Question 1. This question is for LUCY, Esq. Please lock after discussing. When you are ready to discuss this NEW question, please let me know. I have my question prepared.
State/Country relating to question: California
Reading the FRAP-ping rules.
Hi,Sorry for the delay, I was out this afternoon. I'm ready when you are.
This question is for LUCY, Esq.
I need help understanding a Motion to Certify A Question. In my appeal, I would like to file this type of motion so as to have the Appellate Court guided by California law. Here is the question I would propose: Does an insurer waive the want or imperfection of an incomplete application and render any omission to answer more fully immaterial when an applicant distinctly implies information but the insurer neglects to make inquiries and issues a policy?
As I understand it, Cal. Ins.Code § 336 distinctly implies insurers are charged with knowledge of general information that might affect the material perils contemplated in providing coverage to insureds.
What constitutes “knowledge of general information that might affect the material perils contemplated in providing coverage to insureds?” For instance, do multiple “YES” responses to questions inquiring about an applicant’s belief there may be potential claims pending constitute “general knowledge?”
Cal. Ins. Code, Section 336 says "The right to information of material facts may be waived, either (a) by the terms of insurance or (b) by neglect to make inquiries as to such facts, where they are distinctly implied in other facts of which information is communicated." That's saying that, if someone fails to ask questions when they should have, they can't complain later that they didn't have the facts. Section 335 says "Each party to a contract of insurance is bound to know: (a) All the general causes which are open to his inquiry equally with that of the other, and which may affect either the political or material perils contemplated. (b) All the general usages of trade." So, they're saying that a person is considered to know things that he had the ability to know. There may be an argument there that, where an applicant to an insurance policy answers "yes" to multiple questions on the application, and the insurer doesn't inquire at all, the insurer cannot complain about the lack of knowledge, and may have that knowledge imputed to him, based on the fact that he could have inquired and didn't. I think that's what you're asking, but if I've misunderstood, please let me know.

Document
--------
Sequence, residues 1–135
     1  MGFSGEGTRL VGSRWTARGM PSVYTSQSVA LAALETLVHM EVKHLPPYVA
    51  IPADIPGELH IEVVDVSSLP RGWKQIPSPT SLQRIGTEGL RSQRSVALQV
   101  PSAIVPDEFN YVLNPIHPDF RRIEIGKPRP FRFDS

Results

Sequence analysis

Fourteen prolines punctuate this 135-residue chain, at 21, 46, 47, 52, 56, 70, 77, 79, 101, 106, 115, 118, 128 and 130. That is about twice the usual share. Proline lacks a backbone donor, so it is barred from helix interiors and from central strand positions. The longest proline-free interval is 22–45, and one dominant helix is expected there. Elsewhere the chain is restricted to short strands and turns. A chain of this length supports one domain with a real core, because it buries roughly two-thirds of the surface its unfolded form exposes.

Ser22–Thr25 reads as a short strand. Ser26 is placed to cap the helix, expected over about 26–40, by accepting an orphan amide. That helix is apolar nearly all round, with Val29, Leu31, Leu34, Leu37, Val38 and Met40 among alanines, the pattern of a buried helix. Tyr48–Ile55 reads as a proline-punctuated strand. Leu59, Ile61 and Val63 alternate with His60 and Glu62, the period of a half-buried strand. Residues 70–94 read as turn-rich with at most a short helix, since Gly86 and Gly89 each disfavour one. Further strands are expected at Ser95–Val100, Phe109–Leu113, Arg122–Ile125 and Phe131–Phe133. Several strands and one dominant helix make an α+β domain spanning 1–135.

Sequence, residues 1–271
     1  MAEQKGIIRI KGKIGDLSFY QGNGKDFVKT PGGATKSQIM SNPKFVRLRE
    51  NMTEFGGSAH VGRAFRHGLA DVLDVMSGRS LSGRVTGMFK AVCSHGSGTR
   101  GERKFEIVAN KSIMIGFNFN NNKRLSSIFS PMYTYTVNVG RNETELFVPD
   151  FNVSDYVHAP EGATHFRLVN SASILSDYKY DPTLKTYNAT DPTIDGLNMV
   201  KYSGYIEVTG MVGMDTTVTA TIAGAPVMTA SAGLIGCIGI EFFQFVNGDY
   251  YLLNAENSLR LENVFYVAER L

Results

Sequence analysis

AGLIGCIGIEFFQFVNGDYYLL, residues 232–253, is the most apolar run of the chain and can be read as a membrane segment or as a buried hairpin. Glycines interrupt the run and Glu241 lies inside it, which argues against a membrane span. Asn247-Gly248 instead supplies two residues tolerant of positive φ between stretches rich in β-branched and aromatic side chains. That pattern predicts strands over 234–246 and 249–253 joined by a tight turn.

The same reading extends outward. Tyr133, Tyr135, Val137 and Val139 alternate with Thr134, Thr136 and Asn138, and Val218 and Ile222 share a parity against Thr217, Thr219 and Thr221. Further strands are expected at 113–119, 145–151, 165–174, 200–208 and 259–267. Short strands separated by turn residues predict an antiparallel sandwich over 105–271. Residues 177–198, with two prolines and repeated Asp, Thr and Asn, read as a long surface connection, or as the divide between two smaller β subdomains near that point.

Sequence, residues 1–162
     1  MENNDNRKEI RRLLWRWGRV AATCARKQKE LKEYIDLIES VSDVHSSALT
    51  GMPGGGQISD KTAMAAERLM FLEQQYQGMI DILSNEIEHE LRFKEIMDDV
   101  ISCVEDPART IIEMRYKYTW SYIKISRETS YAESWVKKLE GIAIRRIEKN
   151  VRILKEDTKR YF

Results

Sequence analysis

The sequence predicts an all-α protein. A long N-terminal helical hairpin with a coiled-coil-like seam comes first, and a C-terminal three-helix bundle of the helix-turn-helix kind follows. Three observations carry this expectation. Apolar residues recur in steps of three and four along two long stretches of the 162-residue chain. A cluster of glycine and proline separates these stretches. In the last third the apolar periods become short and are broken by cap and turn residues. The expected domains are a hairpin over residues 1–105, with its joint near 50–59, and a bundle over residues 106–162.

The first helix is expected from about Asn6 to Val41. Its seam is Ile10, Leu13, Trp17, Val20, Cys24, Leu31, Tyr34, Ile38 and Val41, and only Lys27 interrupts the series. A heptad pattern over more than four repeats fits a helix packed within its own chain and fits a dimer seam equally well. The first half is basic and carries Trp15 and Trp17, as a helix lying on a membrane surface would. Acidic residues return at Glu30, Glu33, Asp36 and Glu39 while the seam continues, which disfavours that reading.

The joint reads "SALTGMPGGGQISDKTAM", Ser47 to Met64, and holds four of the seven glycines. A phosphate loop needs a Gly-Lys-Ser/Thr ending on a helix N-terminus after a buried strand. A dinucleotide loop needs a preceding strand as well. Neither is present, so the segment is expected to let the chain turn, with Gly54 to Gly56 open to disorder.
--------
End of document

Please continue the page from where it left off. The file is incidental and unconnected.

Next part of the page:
No, you’re ‘dead on.’
In my case, the trier of fact seems to rely exclusively upon Section 335 - a person is considered to know things that he had the ability to know. But this is an objective/subjective assessment (I’m unclear which is which) and the trial court did not allow me further discovery or interrogatories of the applicant to reveal their state of mind regarding what they may, or may not have known, about two events the trier of fact used “20/20 hindsight” to casually connect to my eventual claim against the policy.
Objective is just the facts. Subjective has some room for interpretation. It still sounds like the judge made a mistake in not allowing the discovery, unless he felt that there was no information the other side could possibly provide to give you a case.
DISCLAIMER: Answers from Experts on JustAnswer are not substitutes for the advice of an attorney. JustAnswer is a public forum and questions and responses are not private or confidential or protected by the attorney-client privilege. The Expert above is not your attorney, and the response above is not legal advice. You should not read this response to propose specific action or address specific circumstances, but only to give you a sense of general principles of law that might affect the situation you describe. Application of these general principles to particular circumstances must be done by a lawyer who has spoken with you in confidence, learned all relevant information, and explored various options. Before acting on these general principles, you should hire a lawyer licensed to practice law in the jurisdiction to which your question pertains.
The responses above are from individual Experts, not JustAnswer. The site and services are provided “as is”. To view the verified credential of an Expert, click on the “Verified” symbol in the Expert’s profile. This site is not for emergency questions which should be directed immediately by telephone or in-person to qualified professionals. Please carefully read the Terms of Service (last updated February 8, 2012).